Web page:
Nevertheless, it’s important to note that an increase or decrease in LDL (bad) cholesterol levels alone cannot predict heart disease risk. There are many other factors involved.
Improved vitamin A status
Red palm oil may also help improve vitamin A status in people who are deficient or at risk of deficiency because it’s rich in carotenoids that the body can convert into vitamin A.
One small study found that people with cystic fibrosis, a condition that makes it difficult to absorb fat-soluble vitamins, experienced an increase in vitamin A blood levels after taking two to three tablespoons of red palm oil daily for 8 weeks.
Another review of nine high-quality studies noted that red palm oil supplementation could increase vitamin A levels in children and adults.
Summary: Palm oil may help protect brain function, reduce heart disease risk factors, and increase vitamin A levels in certain people.
Palm oil controversies
There are several ethical issues regarding the effects of palm oil production on the environment, wildlife, and communities.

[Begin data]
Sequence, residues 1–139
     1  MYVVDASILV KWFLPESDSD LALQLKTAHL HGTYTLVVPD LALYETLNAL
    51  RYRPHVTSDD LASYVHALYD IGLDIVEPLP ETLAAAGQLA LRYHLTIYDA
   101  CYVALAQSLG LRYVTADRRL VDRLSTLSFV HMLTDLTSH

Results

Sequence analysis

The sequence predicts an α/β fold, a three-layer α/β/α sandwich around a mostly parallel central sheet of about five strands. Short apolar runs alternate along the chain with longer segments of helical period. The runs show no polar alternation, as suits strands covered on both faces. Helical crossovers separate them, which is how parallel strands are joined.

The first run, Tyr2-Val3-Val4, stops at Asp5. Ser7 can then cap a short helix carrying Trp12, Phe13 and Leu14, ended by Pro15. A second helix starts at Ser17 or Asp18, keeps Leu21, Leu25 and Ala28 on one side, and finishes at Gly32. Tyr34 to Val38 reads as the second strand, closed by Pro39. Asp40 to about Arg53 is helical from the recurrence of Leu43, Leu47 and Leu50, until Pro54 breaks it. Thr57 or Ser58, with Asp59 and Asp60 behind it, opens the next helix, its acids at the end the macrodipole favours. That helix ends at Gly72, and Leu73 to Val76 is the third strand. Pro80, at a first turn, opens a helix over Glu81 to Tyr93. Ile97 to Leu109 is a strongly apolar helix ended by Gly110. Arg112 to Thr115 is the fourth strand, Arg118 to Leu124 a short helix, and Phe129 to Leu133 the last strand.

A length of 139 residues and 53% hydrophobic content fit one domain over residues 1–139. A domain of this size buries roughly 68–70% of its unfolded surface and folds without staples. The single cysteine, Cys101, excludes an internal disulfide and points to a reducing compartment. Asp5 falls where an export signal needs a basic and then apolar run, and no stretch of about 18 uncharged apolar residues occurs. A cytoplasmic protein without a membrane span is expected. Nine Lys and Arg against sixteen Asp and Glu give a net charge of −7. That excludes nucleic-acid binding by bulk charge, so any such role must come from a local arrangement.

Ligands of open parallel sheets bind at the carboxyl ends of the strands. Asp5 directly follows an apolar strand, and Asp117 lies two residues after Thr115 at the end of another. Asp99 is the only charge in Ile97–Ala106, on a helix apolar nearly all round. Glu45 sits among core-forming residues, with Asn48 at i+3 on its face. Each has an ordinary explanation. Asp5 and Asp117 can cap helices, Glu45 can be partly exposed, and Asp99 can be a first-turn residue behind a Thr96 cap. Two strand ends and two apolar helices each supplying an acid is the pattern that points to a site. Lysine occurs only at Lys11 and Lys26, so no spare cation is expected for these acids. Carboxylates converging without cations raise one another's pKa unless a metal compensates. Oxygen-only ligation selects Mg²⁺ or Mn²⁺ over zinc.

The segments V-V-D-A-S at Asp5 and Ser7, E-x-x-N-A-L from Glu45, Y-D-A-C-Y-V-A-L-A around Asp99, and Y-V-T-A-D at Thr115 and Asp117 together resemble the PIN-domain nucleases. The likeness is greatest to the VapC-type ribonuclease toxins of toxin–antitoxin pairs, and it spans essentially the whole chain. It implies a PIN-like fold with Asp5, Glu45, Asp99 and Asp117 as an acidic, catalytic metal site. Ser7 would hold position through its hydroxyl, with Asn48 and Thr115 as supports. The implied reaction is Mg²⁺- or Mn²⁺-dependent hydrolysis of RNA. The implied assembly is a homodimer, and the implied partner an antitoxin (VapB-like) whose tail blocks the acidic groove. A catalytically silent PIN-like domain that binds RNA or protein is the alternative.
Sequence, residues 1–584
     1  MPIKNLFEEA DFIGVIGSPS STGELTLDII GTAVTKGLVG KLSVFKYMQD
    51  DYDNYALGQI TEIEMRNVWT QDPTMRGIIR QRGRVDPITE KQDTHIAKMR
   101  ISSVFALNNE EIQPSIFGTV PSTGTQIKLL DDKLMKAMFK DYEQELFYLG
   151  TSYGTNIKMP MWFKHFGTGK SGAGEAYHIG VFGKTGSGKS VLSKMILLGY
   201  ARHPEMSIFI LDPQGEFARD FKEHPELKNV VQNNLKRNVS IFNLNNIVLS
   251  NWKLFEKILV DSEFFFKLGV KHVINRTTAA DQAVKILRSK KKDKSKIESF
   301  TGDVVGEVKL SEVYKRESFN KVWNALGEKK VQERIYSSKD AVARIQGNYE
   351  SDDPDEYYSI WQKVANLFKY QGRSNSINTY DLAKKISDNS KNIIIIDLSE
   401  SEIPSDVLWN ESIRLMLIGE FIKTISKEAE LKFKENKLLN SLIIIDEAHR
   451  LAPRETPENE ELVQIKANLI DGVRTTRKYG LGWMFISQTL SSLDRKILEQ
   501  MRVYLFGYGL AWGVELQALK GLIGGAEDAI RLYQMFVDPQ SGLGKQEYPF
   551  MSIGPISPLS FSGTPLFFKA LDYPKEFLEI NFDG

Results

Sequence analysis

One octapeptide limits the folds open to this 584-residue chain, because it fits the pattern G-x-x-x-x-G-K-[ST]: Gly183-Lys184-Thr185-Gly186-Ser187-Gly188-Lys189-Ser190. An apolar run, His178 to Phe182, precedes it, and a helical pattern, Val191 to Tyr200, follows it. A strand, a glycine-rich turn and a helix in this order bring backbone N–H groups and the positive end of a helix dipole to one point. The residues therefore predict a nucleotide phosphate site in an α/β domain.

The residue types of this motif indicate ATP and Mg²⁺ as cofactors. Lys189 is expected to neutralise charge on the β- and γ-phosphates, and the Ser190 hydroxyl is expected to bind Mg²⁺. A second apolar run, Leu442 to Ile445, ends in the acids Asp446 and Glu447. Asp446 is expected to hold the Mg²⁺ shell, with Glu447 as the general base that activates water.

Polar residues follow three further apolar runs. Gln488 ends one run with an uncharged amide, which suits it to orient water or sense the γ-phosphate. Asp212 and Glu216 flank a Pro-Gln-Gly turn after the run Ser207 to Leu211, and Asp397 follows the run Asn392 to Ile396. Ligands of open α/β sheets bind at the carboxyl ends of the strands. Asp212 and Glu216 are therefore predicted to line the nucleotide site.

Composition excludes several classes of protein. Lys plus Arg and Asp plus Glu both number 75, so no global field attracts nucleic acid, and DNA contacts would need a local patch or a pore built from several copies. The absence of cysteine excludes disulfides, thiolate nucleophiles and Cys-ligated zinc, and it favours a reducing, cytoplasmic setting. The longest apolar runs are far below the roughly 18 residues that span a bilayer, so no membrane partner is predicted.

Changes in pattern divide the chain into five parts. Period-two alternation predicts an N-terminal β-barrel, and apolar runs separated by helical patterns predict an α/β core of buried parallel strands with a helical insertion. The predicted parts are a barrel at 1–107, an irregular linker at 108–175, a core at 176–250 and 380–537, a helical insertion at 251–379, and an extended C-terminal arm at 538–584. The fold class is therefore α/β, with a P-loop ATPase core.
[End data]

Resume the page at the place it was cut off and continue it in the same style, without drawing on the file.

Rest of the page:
In the past decades, increasing demand has led to an unprecedented expansion of palm oil production in Malaysia, Indonesia, and Thailand.
These countries have humid, tropical climates that are ideally suited for growing oil palm trees.
However, to accommodate oil palm plantations, tropical forests and peatlands are being destroyed.
A 2016 analysis found that 45% of land in Southeast Asia currently used for palm oil production had been forests in 1990, including more than half of all palm oil plantations in Indonesia and Malaysia.
Deforestation is anticipated to negatively affect net carbon emissions, as the forests play a crucial role in reducing greenhouse gasses by absorbing carbon from the atmosphere.
In addition, the destruction of native landscapes causes changes in the ecosystem that threaten the health and diversity of wildlife.
Especially concerning is the impact on endangered species, such as Bornean orangutans, which face extinction due to habitat loss.